A phone with a cracked screen or broken camera can mean an expensive repair, sometimes in the hundreds of dollars. So what about fixing your own smartphone?
Until last year, it was nearly impossible, as Apple and other phone manufacturers did not offer parts to the general public.
Under pressure, however, those companies are finally offering parts and instructions to D-I-Y'ers, who want to make an attempt to repair their own phones.
Should you try fixing your own phone?
But is trying to repair your damaged smartphone really a smart idea? Some iPhone owners we spoke with said they would be up for the challenge.
"I think it's a great idea and a great opportunity," one woman told us.
She and other owners can now go to Apple or Samsung's websites, and order repair kits for some popular phones.
But repair experts caution that while replacing a cracked screen might sound easy, it is nothing like changing the screen protector.
You have to open the phone and disconnect many tiny wires and parts, and if you break one, you can ruin your whole phone.
Bashar Alvustani owns a phone repair shop called Wireless Technologies.
"They can damage the board inside the phone, and maybe the phone will never come back on," he said.
Alvustani showed us that to change a screen or camera, you must first carefully remove the battery, which is tricky. Then, he said, you must remove the front of the phone without breaking any of the thin ribbon wires that connect the screen to the motherboard.
Once you get a new screen in place, you must put it all back together with tiny screwdrivers, being careful not to strip any of the several screws holding everything in place.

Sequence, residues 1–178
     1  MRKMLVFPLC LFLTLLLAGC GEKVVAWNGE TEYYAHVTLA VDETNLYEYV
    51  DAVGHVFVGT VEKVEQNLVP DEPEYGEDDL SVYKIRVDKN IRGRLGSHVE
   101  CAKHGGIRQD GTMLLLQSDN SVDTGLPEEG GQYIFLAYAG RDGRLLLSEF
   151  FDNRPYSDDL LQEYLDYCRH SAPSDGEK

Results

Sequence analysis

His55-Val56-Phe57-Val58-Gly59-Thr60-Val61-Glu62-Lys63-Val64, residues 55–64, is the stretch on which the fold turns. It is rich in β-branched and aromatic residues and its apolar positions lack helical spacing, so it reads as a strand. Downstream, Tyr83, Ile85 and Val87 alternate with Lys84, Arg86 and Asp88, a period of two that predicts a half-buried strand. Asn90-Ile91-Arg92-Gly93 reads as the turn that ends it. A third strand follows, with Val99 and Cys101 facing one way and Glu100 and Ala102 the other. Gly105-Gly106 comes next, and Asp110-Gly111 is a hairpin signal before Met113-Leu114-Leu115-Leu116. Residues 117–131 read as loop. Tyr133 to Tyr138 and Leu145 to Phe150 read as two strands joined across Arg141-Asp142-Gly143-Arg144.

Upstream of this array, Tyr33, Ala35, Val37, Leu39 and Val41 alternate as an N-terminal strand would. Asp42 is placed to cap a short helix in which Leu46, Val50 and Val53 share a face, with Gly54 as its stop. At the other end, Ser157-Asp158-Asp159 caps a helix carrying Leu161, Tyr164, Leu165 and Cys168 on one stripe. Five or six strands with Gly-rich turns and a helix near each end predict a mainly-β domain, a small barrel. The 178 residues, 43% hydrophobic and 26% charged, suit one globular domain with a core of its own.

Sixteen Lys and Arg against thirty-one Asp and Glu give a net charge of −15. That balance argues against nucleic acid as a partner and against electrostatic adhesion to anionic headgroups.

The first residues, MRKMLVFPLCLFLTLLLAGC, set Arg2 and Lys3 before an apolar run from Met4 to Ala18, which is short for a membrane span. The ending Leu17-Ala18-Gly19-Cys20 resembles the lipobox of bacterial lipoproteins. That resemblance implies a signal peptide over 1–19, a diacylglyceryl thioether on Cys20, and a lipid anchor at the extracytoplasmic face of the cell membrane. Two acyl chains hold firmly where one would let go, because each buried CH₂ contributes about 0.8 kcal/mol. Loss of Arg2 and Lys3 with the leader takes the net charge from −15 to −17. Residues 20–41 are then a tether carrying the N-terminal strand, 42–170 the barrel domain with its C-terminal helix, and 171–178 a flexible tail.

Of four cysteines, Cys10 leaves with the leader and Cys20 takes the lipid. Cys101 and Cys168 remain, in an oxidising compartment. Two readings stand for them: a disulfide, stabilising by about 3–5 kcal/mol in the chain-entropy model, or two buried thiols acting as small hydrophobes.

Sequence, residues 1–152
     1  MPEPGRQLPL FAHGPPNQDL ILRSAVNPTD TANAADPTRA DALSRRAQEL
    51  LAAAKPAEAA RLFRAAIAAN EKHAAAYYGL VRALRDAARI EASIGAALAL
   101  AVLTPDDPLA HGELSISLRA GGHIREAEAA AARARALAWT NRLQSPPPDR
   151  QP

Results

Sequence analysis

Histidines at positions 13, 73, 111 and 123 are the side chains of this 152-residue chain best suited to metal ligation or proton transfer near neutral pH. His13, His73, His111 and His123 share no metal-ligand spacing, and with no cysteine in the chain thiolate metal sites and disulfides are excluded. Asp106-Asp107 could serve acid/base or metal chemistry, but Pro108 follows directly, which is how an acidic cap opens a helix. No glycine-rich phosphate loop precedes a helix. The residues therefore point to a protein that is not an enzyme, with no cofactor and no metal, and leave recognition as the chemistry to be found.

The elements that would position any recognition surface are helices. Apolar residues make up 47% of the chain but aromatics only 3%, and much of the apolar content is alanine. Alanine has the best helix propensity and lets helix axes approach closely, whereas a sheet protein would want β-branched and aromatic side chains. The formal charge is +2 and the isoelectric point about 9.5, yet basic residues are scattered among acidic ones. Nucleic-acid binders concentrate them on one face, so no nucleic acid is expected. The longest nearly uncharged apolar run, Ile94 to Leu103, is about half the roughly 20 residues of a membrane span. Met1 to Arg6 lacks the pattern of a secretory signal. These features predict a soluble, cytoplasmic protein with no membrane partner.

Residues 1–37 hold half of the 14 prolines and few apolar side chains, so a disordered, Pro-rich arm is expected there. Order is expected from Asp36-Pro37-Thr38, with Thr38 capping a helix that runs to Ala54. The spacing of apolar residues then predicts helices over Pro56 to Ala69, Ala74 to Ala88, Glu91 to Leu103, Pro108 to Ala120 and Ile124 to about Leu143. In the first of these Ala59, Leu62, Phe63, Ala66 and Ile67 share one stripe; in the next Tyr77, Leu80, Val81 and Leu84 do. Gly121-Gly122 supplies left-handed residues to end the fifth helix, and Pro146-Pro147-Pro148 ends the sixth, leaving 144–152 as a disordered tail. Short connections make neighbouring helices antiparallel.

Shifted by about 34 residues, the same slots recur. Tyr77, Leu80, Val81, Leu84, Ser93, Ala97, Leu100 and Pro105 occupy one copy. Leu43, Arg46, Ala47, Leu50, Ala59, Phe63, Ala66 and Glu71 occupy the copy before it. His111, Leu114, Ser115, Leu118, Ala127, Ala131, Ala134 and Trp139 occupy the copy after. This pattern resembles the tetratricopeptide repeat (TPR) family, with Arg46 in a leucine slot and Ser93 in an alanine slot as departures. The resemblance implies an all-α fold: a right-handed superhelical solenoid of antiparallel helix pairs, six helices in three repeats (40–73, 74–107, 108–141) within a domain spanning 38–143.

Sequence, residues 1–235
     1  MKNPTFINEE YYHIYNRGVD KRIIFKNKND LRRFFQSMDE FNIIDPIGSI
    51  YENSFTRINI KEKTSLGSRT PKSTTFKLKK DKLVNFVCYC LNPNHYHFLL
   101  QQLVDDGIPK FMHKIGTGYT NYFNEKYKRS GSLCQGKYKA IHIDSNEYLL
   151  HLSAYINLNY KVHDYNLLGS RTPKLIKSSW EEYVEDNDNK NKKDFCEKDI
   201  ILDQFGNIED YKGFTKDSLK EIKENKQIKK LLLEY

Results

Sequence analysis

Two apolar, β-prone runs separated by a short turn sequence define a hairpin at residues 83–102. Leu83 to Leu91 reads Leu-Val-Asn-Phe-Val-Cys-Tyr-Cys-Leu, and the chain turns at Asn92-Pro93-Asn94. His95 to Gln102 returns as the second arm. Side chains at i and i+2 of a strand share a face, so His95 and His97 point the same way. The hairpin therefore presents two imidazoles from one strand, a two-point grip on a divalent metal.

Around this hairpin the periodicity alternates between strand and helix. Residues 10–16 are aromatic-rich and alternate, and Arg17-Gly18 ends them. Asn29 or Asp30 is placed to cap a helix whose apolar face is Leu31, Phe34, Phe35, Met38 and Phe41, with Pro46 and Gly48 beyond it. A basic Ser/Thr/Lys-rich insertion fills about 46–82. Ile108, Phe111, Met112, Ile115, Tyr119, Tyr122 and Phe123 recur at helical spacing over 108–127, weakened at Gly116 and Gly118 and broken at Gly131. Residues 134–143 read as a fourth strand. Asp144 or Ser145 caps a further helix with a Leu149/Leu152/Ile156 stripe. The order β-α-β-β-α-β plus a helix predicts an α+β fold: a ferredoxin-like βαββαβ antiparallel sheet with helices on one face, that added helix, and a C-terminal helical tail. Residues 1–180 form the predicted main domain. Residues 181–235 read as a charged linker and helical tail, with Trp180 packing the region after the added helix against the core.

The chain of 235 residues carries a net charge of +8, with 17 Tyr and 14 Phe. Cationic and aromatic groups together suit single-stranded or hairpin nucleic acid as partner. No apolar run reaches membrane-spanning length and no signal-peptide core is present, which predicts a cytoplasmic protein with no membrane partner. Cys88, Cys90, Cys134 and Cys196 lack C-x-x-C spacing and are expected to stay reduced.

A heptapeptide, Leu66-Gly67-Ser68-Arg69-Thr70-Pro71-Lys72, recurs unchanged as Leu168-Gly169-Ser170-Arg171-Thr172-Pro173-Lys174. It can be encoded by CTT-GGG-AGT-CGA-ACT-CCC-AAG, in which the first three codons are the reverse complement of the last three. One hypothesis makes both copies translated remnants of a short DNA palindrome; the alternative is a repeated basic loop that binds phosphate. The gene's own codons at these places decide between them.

Chandra Steele of PCMag is even blunter.
"I don't think there are any consumers who should really consider repairing their phone," she said.
Repair kits can be big, heavy, and clumsy
First of all, manufacturers say you must have the exact parts and screwdrivers needed.
Steele says not only is a D-I-Y repair risky, but repair kits that you need to borrow (unless you own the proper tools) are heavy.
For $49, Apple will rent you a repair station made up of:
- Two suitcases stacked 47 inches high.
- One case weighs 43 pounds.
- The other case is 36 pounds.
That's 79 pounds total, delivered to your home for a week (at least Apple pays for the shipping).
"The reality is you have to get this huge piece of equipment that repairs shops have," Steele said.
Don't forget, when you are done, you have to ship the kit back.
An easier solution? PC Mag suggests you:
- Visit an authorized repair shop.
- Pay extra for a protection plan or extended warranty.
That way, the repair may be free, and you don't have to deal with tiny screws and parts.
Bottom line: Think hard before you open up your phone because if you damage it further, there may be no going back.
That way, you don't waste your money.
Don't Waste Your Money" is a registered trademark of Scripps Media, Inc. ("Scripps").
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